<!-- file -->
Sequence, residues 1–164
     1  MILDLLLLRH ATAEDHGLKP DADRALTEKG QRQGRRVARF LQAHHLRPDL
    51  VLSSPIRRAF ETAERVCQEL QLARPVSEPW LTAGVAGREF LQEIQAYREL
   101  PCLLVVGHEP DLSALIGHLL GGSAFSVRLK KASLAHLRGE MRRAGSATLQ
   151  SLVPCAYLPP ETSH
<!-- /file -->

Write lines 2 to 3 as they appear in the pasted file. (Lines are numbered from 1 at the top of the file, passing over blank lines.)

     1  MILDLLLLRH ATAEDHGLKP DADRALTEKG QRQGRRVARF LQAHHLRPDL
    51  VLSSPIRRAF ETAERVCQEL QLARPVSEPW LTAGVAGREF LQEIQAYREL